The collection of essays provides an excellent starting point and balanced overview for anyone wishing to get beyond the immediate must have hype or the flip side of too quickly dismissing the use of mobile apps in museum or archaeology public engagement efforts.  However, except for an essay on mobile apps at the Minneapolis Institute of Arts, no author in the volume considered in a substantive way whether the apps actually fit in with the mission of the museum or organization.  Proposals for adopting such new technology that are thoroughly enmeshed in the mission of the institution will allow justification of the high cost of app development and equipment often needed to operate the systems.  Otherwise, nay sayers (and funders) may argue that we are just jumping on to the latest interpretive fad.

What is your experience with mobile apps?

From Me to We: Museums & Communities

In academia today there is a tension between the importance of interdisciplinary studies compared to single discipline research.  Although universities encourage collaboration across disciplines as an effective means for applied research individuals are evaluated and rewarded for production within their own departments.  To see the range of the discussion on this point, google interdisciplinary studies on the Chronicle of Higher Education website.

This tension can also be framed within a me vs we approach.  In a strict disciplinary approach, departments are viewed as individual “me” silos concerned foremost with their own self-interest and often with little concern about what happens outside of their own walls.  The interdisciplinary approach is considerably more engaging as a web of interaction that plays off of multiple partners.  In this capacity, the product of the interdisciplinary whole is more than the sum its individual departmental components creating a group synergy.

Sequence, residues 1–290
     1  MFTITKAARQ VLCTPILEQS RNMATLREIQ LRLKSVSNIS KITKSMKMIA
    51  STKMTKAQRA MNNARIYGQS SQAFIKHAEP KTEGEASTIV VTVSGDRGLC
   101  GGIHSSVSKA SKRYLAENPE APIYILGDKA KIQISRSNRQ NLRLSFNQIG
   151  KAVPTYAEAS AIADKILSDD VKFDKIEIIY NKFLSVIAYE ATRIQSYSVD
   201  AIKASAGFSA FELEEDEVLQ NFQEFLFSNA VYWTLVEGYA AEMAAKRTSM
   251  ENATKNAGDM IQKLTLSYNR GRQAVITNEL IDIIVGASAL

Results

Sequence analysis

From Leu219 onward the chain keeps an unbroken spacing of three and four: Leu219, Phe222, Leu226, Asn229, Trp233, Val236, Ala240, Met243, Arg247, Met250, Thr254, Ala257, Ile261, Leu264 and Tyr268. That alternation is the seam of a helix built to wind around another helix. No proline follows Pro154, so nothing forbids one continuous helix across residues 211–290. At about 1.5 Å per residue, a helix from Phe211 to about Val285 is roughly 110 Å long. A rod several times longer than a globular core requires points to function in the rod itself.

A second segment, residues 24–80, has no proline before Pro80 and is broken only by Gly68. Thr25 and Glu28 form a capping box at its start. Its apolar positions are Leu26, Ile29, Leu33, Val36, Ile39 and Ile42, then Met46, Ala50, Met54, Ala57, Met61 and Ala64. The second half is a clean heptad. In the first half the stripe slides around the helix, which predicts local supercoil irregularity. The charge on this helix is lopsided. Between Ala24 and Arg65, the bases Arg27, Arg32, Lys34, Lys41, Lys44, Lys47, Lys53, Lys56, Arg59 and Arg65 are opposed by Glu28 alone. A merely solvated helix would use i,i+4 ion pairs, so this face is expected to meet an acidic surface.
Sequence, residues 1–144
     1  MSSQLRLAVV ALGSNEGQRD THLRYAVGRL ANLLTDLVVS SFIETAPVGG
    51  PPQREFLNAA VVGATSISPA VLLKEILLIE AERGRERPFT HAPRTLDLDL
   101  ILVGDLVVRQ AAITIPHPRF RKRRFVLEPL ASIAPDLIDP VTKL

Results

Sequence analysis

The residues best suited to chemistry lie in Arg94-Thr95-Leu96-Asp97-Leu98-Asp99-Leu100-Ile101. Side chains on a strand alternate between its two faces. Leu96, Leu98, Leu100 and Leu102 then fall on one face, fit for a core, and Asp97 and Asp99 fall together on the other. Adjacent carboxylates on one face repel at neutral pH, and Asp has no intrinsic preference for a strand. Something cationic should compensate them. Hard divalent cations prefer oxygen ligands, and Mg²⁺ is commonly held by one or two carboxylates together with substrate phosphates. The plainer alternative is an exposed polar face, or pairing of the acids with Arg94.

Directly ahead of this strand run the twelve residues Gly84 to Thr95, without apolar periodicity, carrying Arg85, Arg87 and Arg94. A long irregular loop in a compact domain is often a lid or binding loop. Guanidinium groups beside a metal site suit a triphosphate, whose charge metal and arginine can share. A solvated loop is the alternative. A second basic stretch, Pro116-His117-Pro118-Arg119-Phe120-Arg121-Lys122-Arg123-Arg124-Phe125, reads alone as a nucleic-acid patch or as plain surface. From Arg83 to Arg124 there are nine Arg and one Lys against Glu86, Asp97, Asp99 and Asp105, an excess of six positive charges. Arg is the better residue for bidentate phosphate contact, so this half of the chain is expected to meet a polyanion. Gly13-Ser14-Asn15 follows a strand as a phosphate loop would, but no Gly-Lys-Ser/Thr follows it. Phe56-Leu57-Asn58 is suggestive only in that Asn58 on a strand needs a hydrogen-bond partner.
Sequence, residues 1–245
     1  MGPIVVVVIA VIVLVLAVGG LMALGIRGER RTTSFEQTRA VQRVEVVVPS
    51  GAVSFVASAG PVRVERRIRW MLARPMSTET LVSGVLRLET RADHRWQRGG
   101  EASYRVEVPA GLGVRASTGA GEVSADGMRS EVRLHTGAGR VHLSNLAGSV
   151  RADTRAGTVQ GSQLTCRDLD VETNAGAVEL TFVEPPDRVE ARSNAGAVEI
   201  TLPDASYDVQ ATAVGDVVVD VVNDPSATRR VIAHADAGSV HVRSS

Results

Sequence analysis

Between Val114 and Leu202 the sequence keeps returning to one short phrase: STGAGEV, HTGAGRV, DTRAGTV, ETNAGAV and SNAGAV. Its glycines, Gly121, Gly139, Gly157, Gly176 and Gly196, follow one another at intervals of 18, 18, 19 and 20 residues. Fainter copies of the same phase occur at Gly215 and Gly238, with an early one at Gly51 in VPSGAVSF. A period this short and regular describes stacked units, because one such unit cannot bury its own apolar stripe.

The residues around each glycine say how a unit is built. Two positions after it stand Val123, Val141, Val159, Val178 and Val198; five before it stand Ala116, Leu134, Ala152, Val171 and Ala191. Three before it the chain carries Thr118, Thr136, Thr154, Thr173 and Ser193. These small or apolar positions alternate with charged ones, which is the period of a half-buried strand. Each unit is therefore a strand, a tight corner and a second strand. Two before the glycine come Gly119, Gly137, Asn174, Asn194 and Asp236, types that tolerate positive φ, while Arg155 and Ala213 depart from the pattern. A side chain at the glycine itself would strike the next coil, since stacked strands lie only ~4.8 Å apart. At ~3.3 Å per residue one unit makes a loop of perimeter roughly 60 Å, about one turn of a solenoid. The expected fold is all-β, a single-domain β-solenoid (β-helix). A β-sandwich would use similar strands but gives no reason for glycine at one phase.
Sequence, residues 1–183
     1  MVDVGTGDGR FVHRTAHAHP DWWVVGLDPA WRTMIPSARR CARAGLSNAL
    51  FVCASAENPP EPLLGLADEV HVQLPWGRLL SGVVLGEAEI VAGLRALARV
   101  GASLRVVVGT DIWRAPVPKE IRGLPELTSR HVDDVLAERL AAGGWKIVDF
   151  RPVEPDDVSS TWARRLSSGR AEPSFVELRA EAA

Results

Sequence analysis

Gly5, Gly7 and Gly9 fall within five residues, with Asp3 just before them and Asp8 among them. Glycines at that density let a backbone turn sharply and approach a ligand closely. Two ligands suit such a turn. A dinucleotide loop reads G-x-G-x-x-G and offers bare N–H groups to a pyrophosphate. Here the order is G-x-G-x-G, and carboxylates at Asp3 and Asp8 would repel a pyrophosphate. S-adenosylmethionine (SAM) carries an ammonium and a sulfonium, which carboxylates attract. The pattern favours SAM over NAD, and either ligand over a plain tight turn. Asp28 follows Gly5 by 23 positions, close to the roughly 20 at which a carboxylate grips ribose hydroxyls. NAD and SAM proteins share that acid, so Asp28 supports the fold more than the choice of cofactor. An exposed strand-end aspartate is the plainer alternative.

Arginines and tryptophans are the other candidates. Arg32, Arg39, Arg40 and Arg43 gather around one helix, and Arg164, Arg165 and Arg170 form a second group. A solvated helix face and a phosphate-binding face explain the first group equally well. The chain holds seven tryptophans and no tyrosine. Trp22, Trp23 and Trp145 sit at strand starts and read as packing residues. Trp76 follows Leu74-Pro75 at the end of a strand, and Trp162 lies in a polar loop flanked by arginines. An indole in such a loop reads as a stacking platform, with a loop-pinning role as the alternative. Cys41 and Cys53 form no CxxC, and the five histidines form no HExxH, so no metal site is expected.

I have thought about the need for an interdisciplinary approach for a cultural heritage development in project in Orange Mound, an African American community of Memphis Tennessee with roots extending into the late 1800s.  The Museum Studies Graduate Certificate Program at the University of Memphis is currently assisting the Orange Mound community in the creation of a local component for the traveling exhibit The Way We Worked from the Smithsonian Institution.  Orange Mound community discussions around the exhibit immediately raised possibilities for other cultural heritage projects.  In Memphis, there are many individual neighborhood possibilities but little in the way of a collaborative approach.  For example, typical cultural resource management archaeological projects result in gray literature reports and boxes of cultural materials, but little in the way public access or presentation.  A notable exception includes virtual presentations such as the Lamar Terrace project.  As well, for the past five years, the Rhodes College Crossroads to Freedom Project has collected oral history from the African American community.  I have posted before about community cultural heritage the C.H. Nash Museum at Chucalissa collaborated on in Southwest Memphis.  But there is little or no effort to develop an interdisciplinary consortium of collaboration for these types of projects

Interdisciplinary projects have demonstrated considerable worth in broader community development.  For example, at the University of Memphis a colleague, Katherine Lambert-Pennington recently received national recognition for her work in this area.

When considering cultural heritage projects such as at Orange Mound, an interdisciplinary approach seems the most fitting.  The Collaborative for Cultural Heritage and Museum Practices (CHAMP) at the University of Illinois is one such example.  A quick scan of the CHAMP faculty demonstrates the broad interdisciplinary approach that the Collaborative can bring to any issue.  Consider the breadth of those faculty and their resources to envision any cultural heritage or museum project.  Consider how that interdisciplinary set of skills and ability will benefit the greater whole.  I suspect that there are few cultural heritage projects where going it alone will produce a better product.  However, such the multidisciplinary approach necessitates that we all move out of our individual silos and into a web of interconnection with others.